Two years from today Scotland could be an independent country. Recent polling has shown the Yes campaign to be tantalisingly close to victory, with only single figure swing required to clinch it. One of the key referendum battlegrounds is, of course, the economy and Scotland’s finances. Although I do not deny the importance of these issues, I do despair of the fact that so many of us appear to be prepared to decide our future based solely on them. Whichever way we vote, Scotland will remain a wealthy, prosperous country. No one on either side should be afraid of the financial implications of this vote.
Crucially, we need to remember to approach this referendum not with a view to the short term effects that things like changing our currency or tax regime will have, but instead to the long term effects – which, since we cannot predict every minute detail of them, come down to the fundamental question of “Do you think Scotland would be governed better by itself, or as part of a larger unit?”
In answering that question, we must think beyond the constraints of Scotland’s current budget deficit or what self-interested businessmen assure us is best for the economy. When we consider what we mean by “better”, it cannot simply be couched in financial terms. I don’t want to live in a country that is considered to be “better” simply because I have a few quid more in my pocket or my bank.
I want to live in a country that is better because the people who live there feel empowered and believe that they have a genuine say in the issues that affect their families, their communities and their country. A country where every vote counts and where government truly is “of the people, by the people and for the people”. A country where the institutions of government are local, transparent and responsive. A country that works for the benefit of all who live there, not for the interests of a wealthy elite.
I want to live in a country that is better because everyone is treated fairly and accorded the dignity they deserve regardless of things like ethnicity, gender, sexuality or disability. A country that celebrates diversity and appreciates the contribution made to it by each and every one of the people who live there. A country where all of us are equal citizens, not subjects.
I want to live in a country that is better because it cares for its people. A country where essential services like healthcare, education and social security are available freely to those who need them, funded from general taxation with the greatest contribution made by those who can most afford it. A country where we recognise that people’s lives are often shaped by events beyond their control and where, when things go wrong, we give support rather than dismiss them as a drain on the state and leave them to fend for themselves.
I want to live in a country that is better because it reaches out and engages with the rest of the world in a positive and ethical manner. A country that is welcoming to those who come here from beyond our shores. A country where we measure our influence on the rest of the world not in terms of GDP or the size of our military, but by what we do to uphold human rights, to support the development of less wealthy nations and to make the world a less dangerous place.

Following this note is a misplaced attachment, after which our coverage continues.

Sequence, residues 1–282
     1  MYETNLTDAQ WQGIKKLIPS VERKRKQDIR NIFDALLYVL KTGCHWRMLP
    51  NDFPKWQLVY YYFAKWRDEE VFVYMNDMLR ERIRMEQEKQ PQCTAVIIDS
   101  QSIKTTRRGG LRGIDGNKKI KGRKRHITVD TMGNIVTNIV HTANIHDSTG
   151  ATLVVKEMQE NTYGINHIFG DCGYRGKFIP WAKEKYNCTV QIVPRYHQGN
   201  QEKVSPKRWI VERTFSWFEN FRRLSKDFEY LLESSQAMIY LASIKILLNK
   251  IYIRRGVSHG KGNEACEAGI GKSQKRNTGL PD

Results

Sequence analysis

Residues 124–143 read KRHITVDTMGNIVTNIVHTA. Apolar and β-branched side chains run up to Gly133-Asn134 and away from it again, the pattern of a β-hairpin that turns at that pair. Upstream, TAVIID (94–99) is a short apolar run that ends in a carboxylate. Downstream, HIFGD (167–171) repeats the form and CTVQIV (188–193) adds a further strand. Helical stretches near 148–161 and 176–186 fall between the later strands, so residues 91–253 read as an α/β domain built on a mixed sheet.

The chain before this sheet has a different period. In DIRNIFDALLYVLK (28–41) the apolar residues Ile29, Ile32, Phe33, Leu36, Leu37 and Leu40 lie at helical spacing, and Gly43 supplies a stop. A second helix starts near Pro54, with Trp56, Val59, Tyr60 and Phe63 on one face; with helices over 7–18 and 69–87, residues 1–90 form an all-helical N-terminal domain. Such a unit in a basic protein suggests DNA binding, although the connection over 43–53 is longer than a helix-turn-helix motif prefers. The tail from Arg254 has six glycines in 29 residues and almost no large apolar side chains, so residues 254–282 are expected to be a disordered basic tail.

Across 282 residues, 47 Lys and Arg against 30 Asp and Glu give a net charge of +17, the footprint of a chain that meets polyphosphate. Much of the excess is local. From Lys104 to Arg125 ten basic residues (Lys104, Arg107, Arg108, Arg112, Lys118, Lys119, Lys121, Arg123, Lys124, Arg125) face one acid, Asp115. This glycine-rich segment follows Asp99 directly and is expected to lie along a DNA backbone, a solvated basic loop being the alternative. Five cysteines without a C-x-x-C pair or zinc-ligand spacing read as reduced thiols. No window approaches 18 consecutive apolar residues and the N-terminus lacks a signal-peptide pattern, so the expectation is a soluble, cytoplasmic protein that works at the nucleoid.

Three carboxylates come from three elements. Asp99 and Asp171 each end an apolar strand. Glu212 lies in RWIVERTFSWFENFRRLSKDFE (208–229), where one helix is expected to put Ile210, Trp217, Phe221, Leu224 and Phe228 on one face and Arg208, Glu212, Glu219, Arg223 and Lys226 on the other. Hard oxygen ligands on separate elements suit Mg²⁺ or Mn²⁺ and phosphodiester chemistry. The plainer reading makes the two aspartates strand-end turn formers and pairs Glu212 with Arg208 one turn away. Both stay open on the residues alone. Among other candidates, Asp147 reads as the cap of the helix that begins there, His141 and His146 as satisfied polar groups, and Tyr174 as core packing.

I want to live in a country that is better because we do things in a sustainable way. A country where we understand that sustainability has many strands – environmental sustainability, to preserve the planet for future generations. Economic sustainability, to ensure we never again have an economic crisis where those with no responsibility for causing it bear the brunt of the ill effects. Cultural sustainability, encouraging all of our languages and supporting the unique ways of life in our rural and island communities.
Over the next six months, we all need to be thinking about the kind of country we want to live in, what “better” means to us, and whether that country would be more likely to exist with independence or as part of the United Kingdom. As a Green, that is what the independence debate comes down to for me. It’s not about national identity, be that Scottish, British or some combination of both, nor is it about our precise financial situation now or in five years. It’s about what form of governance gives us the means to achieve the kind of Scotland we wish to see for decades to come.
I believe that the Scotland I wish to see, the Scotland I’ve outlined above, is most likely to be realised with independence. I understand, however, that simply voting Yes does not guarantee such an outcome and that is why, more than anything else, we need to bring an end to the fear. When we go to the polls on September the 18th, as we put our crosses on our ballot papers, we should do so with confidence, a determination to create a “better” nation, and the intention to do all in our power to bring it into being regardless of which way the vote goes.
Allan Faulds, Scottish Young Greens Co-Convenor